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Lok Sabha elections 2019| From airstrikes to sealing: Issues that pushed voters in Delhi

The choice of issues varied with economic background, neighbourhoods, gender and age group of the voter.

lok sabha elections Updated: May 13, 2019 08:29 IST
HT Correspondent
HT Correspondent
Hindustan Times, New Delhi
lok sabha,elections,vote
For the traders in Chandni Chowk, demonetisation, roll out Goods and Services Tax and the sealing drive were the main concerns even though they felt national security was an equally important issue.(HT Photo)

From cross-border terrorism to sealing of commercial establishments, Delhi on Sunday came out to vote for a wide variety of reasons. During the campaign, the Bharatiya Janata Party’s main plank was national security while the Aam Aadmi Party had sought votes for getting Delhi the status of a full state. The Congress showcased works done by the party’s government in Delhi.

The choice of issues varied with economic background, neighbourhoods, gender and age group of the voter.

While waiting for their turn outside the polling booth in east Delhi’s Khichripur village polling station, Nikesh Sharma, a businessman, and his friends were discussing how the Balakot air strike changed the political discourse in this elections. “This election is about national security. By doing the air strike at Balakot, the government has given a befitting reply to Pakistan,” said Sharma.

Shubhankar Rai, 19, a resident of GK-II that falls in the New Delhi segment, said he voted for India to be “a stronger country” globally. “The task is to choose the lesser of the two evils. I feel India, at present, needs a strong leader. Two things stand out as the boldest steps by the current PM - demonetisation and the Balakot airstrike,” he said.

For the traders in Chandni Chowk, demonetisation, roll out Goods and Services Tax and the sealing drive were the main concerns even though they felt national security was an equally important issue. However, opinions were divided in the order of priority. “Business has never as bad as it has been in the past five years. Profit margin has been reduced to only 10-15%. The economy needs to be revived,” said Mohammad Tazir, who owns a crockery business in the area.

In Amar Colony market, which comes under the New Delhi seat, voters said they want the ongoing sealing drive to stop and their shops de-sealed. At least 400 shops were sealed in this market which were among 7,000 commercial units that have faced action in Delhi since December 2017.

Cheshtha Dung, 27, who runs a general store at Amar Colony market said they had kept their shop shut for more than a month “merely out of fear” at the peak of sealing drive. “Others might be voting for the country’s betterment or safety in this election, but for us it is only to get relief from sealing. My father had got so scared of the drive that he forced us to shut this shop and had called workers to dismantle the top floor. Now, we have reconstructed the whole thing afresh,” she said.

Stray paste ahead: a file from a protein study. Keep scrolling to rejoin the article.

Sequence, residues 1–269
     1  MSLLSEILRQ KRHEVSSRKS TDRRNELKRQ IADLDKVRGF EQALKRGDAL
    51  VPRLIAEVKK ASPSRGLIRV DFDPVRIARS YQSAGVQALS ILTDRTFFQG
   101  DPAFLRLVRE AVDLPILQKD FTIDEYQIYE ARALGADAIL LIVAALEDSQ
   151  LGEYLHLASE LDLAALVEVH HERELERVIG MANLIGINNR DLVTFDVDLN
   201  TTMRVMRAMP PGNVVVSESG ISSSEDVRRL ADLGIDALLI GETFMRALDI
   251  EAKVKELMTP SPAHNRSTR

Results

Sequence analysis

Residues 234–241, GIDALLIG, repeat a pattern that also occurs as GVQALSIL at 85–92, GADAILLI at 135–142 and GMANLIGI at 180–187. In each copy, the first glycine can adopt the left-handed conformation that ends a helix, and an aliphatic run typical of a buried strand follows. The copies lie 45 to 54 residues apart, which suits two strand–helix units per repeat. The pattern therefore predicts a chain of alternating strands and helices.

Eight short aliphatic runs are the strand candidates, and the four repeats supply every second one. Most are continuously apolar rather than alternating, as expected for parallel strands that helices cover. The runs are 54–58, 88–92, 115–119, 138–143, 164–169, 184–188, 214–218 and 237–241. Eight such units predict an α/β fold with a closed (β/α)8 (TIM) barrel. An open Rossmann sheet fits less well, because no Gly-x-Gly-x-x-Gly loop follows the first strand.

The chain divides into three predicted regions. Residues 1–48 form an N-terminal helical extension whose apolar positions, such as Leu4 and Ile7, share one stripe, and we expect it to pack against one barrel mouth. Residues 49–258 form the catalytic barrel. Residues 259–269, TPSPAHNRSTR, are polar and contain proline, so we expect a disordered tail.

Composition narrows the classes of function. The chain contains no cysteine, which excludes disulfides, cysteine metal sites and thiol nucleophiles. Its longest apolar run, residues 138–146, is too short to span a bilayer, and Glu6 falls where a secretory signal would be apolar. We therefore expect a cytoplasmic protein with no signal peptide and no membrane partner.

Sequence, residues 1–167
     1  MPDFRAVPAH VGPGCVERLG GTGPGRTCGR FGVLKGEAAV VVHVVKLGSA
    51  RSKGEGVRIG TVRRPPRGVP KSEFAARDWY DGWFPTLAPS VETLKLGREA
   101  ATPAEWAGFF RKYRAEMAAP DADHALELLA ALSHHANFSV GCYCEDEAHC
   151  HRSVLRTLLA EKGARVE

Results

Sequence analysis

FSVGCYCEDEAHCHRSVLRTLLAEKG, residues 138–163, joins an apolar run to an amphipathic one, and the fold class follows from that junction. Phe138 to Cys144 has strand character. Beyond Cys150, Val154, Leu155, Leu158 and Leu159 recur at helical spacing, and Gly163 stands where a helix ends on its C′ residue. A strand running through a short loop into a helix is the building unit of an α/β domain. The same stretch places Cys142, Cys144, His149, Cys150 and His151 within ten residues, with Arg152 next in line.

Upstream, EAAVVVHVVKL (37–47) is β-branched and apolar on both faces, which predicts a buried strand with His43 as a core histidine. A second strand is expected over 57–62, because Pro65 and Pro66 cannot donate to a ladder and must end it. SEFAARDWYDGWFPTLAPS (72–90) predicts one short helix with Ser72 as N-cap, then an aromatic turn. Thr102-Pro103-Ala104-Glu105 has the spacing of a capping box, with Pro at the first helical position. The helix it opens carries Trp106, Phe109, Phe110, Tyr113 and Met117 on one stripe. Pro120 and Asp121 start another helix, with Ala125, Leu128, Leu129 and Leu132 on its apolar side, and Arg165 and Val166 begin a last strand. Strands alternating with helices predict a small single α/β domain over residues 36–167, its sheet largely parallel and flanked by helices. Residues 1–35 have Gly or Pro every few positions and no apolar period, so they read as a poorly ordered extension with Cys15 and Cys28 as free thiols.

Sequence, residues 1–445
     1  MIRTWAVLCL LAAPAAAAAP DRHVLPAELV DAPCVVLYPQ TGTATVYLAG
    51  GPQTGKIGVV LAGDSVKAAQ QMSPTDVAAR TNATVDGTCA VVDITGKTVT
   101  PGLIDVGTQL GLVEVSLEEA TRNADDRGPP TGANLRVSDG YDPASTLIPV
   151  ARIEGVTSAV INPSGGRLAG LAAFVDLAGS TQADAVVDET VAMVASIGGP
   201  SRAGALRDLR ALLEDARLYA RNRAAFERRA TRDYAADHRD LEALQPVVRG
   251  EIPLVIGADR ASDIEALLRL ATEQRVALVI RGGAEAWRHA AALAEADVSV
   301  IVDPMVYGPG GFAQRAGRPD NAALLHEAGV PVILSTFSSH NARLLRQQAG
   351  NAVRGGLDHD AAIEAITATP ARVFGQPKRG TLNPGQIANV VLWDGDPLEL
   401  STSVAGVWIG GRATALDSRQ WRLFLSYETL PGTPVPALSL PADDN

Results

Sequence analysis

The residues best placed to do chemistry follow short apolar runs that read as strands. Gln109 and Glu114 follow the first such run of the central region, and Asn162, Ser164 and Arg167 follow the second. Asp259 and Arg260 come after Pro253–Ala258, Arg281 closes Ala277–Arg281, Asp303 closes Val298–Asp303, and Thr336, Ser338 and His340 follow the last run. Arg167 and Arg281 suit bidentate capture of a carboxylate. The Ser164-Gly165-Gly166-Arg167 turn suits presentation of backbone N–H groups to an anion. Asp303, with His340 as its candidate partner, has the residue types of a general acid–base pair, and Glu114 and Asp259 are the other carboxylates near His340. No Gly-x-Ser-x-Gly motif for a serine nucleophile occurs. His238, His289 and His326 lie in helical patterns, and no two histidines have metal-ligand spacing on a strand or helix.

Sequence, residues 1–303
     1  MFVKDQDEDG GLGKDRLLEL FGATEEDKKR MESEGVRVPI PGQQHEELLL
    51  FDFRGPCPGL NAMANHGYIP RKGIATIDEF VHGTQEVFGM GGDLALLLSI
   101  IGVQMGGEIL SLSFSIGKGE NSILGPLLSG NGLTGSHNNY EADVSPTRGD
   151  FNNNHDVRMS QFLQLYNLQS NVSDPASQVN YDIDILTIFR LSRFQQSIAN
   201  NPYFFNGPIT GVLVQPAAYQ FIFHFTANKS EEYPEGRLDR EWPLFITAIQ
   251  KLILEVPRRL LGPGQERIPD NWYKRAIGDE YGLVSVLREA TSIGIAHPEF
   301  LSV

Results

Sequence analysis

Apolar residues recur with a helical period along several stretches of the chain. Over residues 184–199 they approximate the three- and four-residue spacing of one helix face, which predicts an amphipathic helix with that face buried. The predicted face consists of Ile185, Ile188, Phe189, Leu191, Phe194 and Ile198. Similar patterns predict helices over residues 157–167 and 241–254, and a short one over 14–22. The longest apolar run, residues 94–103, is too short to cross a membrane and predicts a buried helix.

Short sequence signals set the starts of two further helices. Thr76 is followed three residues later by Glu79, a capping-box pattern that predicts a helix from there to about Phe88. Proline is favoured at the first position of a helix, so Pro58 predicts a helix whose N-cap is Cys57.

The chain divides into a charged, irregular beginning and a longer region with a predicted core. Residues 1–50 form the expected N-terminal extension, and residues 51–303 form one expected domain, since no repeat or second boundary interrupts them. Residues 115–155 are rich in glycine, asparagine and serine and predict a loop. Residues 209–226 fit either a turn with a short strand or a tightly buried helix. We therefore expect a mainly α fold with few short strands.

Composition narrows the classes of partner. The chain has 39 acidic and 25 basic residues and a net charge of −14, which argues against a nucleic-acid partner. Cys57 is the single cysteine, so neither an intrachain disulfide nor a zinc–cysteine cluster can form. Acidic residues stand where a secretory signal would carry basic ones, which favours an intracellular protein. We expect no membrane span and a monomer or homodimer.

Uncertainty over their future was a key concern for the first time voters. Rahul Trehan, a resident of west Delhi’s Dabri Mor, said, “I am a guest teacher at a municipal school, covering for the permanent teacher who has gone on maternity leave. In four months, I will be jobless again. I take tuition for students, but I need a permanent job. But where are the jobs?”

In North West Delhi constituency, Khairati Lal, 70, a retired MTNL employee, said youngsters are uncertain about getting a job after completing their education. Lal’s grandson, who is a post-graduate, recently got a job in a call centre. Lal said, “Unemployment is a big issue which the government has failed to address. Young educated people are opting for odd jobs because the governments have failed to provide them work. The country can progress only if its youth is employed.”

People in slums, resettlement and unauthorised colonies, had local concerns such as health, education and sanitation. Yasmin, 32, a resident of Trilokpuri, was all praise for the improvement in health and education sector in Delhi after AAP took over. “We can’t afford private schools. This government has done a lot of work to improve the education standards in government schools. Even the mohalla clinics are good,” said Yasmin.

In Bawana’s Shahbad Dairy area, Sushma Jha, 32, said the AAP government paid heed to issues faced by the people living in the unauthorised colonies. “The AAP government has laid water and sewer lines in unauthorised colonies, provided free water and constructed streets in illegal colonies. The city government also provided battery operated e-rickshaws to the residents so that they can earn their livelihood,” said Jha.

First Published: May 13, 2019 05:41 IST